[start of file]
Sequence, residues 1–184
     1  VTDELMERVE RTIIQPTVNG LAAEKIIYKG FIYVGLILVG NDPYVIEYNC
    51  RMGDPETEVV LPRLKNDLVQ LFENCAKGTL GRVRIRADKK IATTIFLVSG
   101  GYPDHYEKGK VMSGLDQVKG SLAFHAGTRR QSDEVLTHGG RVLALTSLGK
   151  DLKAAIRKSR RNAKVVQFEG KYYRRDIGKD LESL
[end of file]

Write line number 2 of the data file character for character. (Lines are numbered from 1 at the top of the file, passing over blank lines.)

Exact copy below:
     1  VTDELMERVE RTIIQPTVNG LAAEKIIYKG FIYVGLILVG NDPYVIEYNC